The BioShock Movie: Happening At Last? All We Know

By Sofia Yang | 7 months ago

Bioshock movie

If you’re going to make a video game into a movie, you could certainly do a lot worse than adapting 2K Games/Irrational Studios’ BioShock. It’s got a great, complex narrative capped by one of the best twists in gaming history, all set inside a stunning, crumbling undersea city known as Rapture. With the right script and the right director, a BioShock movie could be the first truly good video-game movie… if only somebody could get the damn thing made.

Well, after being stalled in development hell at Universal for decades, it looks like the BioShock movie might get another chance to reach the big screen at last.

Reportedly a BioShock movie is back in active development at Universal. Previously they had a version in the works with director Gore Verbinski and then by another director, but they pulled the plug on all those efforts back in 2017 and we don’t know how much of the work he did on the movie might end up being salvaged.

The Bioshock Movie’s History Of Development Delays

Originally though, the BioShock movie was going to be directed by Pirates of the Caribbean helmer Gore Verbinski. It had a $200 million budget, was aiming for an R-rating, and could easily have been a franchise starter for Universal if it had all come together properly.

Unfortunately, Zack Snyder’s Watchmen came and flopped and went, and Irrational Games’ Ken Leving eventually revealed that Watchmen’s under-performance had soured Universal on the prospect of an expensive, R-rated sci-fi/fantasy film based on a game that, let’s face it, most mainstream moviegoers have never heard of.

The BioShock movie was then rejiggered into an $80 million flick that was to be directed by Juan Carlos Fresnadillo (28 Weeks Later). Eventually Levine decided things had gone pear shaped and it was time to pull the plug on the entire enterprise, and so BioShock: The Movie was tucked away in a dusty corner as one of those great “could have been amazing” stories.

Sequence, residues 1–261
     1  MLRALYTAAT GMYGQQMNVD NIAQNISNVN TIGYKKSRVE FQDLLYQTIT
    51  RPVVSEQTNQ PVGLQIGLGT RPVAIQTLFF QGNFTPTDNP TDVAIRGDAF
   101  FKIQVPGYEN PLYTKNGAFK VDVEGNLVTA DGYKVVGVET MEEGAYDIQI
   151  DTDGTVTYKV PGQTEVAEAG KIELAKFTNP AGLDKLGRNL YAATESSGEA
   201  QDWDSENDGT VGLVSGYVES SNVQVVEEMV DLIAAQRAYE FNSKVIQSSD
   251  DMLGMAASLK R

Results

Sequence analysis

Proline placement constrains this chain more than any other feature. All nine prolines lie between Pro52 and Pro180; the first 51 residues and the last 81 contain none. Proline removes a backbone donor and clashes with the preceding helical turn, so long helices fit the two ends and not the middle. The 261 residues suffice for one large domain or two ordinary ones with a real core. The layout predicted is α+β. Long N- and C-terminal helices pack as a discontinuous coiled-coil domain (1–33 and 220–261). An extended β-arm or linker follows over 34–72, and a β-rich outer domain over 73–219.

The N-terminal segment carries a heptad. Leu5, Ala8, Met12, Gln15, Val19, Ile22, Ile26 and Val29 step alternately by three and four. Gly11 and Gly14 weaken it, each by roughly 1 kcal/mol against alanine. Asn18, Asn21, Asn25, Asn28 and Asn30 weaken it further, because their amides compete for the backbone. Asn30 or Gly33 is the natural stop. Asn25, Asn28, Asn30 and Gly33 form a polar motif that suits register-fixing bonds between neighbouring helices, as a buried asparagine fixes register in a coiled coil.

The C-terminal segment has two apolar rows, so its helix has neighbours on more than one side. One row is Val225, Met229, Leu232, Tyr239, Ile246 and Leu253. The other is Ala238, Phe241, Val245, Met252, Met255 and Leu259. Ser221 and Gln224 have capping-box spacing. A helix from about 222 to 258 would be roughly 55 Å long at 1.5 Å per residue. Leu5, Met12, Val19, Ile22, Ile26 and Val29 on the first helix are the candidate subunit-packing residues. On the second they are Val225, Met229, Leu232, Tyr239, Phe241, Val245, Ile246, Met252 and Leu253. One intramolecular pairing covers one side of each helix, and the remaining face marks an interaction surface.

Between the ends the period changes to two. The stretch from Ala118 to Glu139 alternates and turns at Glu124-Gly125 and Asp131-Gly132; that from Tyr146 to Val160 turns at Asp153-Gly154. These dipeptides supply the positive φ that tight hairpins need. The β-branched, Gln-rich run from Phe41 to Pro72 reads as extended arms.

If BioShock really is about to get another chance at Universal, it wouldn’t be all that surprising. Marvel has had unprecedented success with its superheroic Cinematic Universe, and YA hits like The Hunger Gamers have been box-office giants, but one type of source material that has yet to be cracked in the film industry is video games. It’s just a matter of time before we get the right mix of source material, passion, and talent, before we see the game equivalent of, say, the first Iron Man movie.

What The Game Is About

In BioShock, players take the role of an unspeaking protagonist named Jack, who, after a plane crash at sea, washes up at a lighthouse and finds his way into the failed undersea utopia of Rapture. Exploring and trying to find a way to escape, Jack learns the tragic history of the city, which is now overrun with murderous, super-powered psychopaths and creepy, genetically modified little girls protected by violent behemoths in diving suits called “Big Daddies.” There’s most definitely the seed of an amazing BioShock movie there.

But while BioShock is easily one of the best video games ever made, there are narrative hurdles to surmount in order to get a successful BioShock movie out of it. For one, Jack is essentially a cipher, a name and a set of hands that serve as the player’s proxy, and while we do learn about his own history and ties to Rapture, he doesn’t really have any personality — that’s by design, but still.

A BioShock movie is going to need to expand Jack’s character quite a bit. It’s also worth noting that the game’s infamous third-act twist, while brilliant, relies heavily on the interactive nature of the story. I’m sure they can find a way to make it work on the big screen, but I’m dubious that it will have the same impact after two hours spent passive in a theater that it did after 15 or so hours “being” Jack.

We’ll keep you posted when there’s more to know about the BioShock movie. In the meantime, here’s some lovely concept art from the aborted Gore Verbinski version, created by artist Tim Flattery.

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